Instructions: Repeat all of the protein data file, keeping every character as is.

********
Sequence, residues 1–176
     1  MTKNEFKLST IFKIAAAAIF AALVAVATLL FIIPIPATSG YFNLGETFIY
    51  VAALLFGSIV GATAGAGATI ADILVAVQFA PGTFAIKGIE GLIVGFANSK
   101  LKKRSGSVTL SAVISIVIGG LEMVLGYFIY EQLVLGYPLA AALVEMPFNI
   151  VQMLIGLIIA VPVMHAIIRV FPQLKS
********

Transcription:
Sequence, residues 1–176
     1  MTKNEFKLST IFKIAAAAIF AALVAVATLL FIIPIPATSG YFNLGETFIY
    51  VAALLFGSIV GATAGAGATI ADILVAVQFA PGTFAIKGIE GLIVGFANSK
   101  LKKRSGSVTL SAVISIVIGG LEMVLGYFIY EQLVLGYPLA AALVEMPFNI
   151  VQMLIGLIIA VPVMHAIIRV FPQLKS